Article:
Although the two words are sometimes use interchangeably, addiction and dependence are not the same.
Let’s Define Dependence First
The word dependence is typically used when referring to a reliance on something. That something can be any number of things, such as a person, a system, an object, or a substance. Dependence can be psychological and/ or physical. In the context of addiction, the dependence is physical.
Physical dependence means that the body is reliant on a substance to function normally; if the substance is not ingested, the body will react by exhibiting withdrawal symptoms. Common substances that can cause physical dependence are alcohol, opiates, benzodiazepines, and amphetamines. Some substances, like opiates, can cause physical dependence after only a few uses while others may take longer to cause dependence. Typically, what happens is that a person will take the substance regularly enough that the body becomes accustomed to having it in the system and a tolerance is formed, meaning that the body requires more of the drug to have the same effect. Once a physical dependence is developed, if the substance is suddenly absent from the system it is unable to function normally, and withdrawal symptoms will occur. Withdrawal symptoms vary depending upon the substance. Here is some more information on alcohol withdrawal symptoms and heroin withdrawal symptoms.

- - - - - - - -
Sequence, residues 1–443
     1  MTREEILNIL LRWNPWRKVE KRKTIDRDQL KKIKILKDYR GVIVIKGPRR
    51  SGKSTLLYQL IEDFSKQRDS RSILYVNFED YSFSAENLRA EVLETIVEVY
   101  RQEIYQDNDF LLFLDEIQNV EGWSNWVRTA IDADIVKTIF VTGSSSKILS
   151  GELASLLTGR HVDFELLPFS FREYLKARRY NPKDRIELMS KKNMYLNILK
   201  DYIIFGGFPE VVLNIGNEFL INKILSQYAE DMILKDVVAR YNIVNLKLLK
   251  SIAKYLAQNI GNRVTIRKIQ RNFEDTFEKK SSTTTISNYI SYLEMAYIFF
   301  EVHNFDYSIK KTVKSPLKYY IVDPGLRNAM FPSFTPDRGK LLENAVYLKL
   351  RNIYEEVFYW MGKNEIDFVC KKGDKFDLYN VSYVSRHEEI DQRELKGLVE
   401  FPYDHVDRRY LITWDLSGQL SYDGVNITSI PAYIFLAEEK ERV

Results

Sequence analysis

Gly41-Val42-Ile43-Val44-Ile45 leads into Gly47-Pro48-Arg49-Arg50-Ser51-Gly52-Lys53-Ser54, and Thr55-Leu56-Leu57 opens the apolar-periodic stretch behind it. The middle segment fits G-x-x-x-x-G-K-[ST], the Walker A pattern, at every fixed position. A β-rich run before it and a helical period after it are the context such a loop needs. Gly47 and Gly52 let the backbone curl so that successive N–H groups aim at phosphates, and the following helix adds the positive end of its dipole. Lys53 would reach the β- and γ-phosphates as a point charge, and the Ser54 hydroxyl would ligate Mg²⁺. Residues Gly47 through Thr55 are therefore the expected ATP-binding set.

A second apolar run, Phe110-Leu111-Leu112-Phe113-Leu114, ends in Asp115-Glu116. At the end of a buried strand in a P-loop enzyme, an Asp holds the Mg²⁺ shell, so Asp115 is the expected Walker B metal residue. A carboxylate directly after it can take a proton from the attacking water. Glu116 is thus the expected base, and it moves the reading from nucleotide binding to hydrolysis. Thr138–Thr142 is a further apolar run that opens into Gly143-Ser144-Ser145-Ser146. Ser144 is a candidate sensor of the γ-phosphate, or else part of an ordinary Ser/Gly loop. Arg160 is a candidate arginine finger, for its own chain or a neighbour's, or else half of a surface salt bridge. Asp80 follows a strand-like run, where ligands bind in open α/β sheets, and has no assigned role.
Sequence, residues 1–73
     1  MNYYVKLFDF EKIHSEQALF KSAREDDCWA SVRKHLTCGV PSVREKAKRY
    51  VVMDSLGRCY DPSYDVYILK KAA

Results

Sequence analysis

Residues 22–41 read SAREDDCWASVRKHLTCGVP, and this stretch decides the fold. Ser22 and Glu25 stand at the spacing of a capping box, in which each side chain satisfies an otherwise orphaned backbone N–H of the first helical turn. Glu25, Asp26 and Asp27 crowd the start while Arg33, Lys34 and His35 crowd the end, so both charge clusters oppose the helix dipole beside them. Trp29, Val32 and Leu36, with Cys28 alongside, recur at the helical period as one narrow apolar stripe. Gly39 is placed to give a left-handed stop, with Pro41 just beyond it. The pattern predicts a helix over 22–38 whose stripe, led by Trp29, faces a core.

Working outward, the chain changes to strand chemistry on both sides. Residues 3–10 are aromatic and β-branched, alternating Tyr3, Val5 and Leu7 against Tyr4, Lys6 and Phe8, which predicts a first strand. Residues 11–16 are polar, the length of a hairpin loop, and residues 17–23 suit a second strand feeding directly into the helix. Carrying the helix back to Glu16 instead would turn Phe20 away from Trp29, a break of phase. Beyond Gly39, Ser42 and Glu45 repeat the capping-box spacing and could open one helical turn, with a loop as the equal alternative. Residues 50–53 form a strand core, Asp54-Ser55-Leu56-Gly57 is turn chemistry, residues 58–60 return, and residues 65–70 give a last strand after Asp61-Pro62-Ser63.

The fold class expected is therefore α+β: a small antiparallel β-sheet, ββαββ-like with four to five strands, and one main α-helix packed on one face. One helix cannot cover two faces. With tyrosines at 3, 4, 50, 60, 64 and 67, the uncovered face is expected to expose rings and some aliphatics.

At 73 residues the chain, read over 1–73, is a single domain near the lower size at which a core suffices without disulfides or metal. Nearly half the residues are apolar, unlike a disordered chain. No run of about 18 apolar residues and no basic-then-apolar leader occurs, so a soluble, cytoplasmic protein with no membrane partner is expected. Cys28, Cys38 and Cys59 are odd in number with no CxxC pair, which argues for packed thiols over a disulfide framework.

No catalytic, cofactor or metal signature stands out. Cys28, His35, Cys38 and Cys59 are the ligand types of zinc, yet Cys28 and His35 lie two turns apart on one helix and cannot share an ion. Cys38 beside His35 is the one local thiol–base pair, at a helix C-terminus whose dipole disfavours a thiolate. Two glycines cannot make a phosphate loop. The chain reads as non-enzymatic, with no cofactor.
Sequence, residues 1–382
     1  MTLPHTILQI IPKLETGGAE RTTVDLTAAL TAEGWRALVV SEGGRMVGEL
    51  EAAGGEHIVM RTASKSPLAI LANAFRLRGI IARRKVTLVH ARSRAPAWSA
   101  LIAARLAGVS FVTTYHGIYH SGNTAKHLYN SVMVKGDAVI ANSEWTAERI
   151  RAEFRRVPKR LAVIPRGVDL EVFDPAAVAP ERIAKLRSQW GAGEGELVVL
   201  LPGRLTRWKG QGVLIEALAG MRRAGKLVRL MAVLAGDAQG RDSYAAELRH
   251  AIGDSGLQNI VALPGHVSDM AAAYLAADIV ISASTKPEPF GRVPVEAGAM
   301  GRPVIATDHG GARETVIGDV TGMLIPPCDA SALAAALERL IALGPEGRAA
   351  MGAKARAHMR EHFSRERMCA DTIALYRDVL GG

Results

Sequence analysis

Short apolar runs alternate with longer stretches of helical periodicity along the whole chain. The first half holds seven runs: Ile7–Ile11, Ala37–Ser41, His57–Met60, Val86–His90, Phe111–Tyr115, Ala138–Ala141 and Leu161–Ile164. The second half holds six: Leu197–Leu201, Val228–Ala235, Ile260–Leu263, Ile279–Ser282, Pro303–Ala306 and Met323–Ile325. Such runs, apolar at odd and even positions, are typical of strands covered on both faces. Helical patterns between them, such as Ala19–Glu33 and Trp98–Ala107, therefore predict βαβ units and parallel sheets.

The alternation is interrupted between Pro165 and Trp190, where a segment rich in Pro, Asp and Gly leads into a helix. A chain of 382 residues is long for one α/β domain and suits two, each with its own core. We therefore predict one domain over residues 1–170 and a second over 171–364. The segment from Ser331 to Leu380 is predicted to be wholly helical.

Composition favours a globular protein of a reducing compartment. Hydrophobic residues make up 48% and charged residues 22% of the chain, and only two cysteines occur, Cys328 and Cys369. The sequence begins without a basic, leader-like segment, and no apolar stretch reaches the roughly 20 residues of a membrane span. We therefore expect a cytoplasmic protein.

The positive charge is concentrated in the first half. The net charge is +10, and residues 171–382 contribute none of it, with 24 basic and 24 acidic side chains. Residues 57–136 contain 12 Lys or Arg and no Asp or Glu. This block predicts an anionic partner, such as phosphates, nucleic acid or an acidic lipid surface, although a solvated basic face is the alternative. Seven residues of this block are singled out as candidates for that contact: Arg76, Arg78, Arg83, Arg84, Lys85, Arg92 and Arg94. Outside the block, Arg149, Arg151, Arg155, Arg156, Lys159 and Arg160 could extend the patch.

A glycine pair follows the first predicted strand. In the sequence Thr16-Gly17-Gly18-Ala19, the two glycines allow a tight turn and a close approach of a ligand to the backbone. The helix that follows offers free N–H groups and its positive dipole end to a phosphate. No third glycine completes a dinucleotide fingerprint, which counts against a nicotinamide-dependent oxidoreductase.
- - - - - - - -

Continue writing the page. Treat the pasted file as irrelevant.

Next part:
Physical dependence does not necessarily mean the individual is addicted. For example, physical dependence can develop in a person who is taking antidepressants as prescribed by a doctor. Their body becomes dependent on the antidepressants to maintain mental equilibrium, and withdrawal symptoms can occur if the person does not follow their doctor’s instructions for tapering off the drug slowly. But antidepressants are not addictive.
Addiction Versus Dependence: What is the Difference?
Addiction is a disease and, as such, has diagnosable characteristics. An addiction includes intense and uncontrollable cravings, an inability to control how much or how often a substance is used, and continued use despite negative consequences. In the previous example of a person who has become physically dependent on antidepressants, that person will not experience cravings to keep using. Someone who is addicted to alcohol or drugs would experience strong cravings and find it almost impossible to quit using without professional intervention or some type of recovery support.
Seeking help from professionals and other people with experience in this area can be useful when trying to decide if one’s behaviors have led to addiction, dependence, or both.
If you or someone you love is struggling with substance abuse, Great Oaks Recovery Center can help.
Contact us anytime at (877) 977-3268.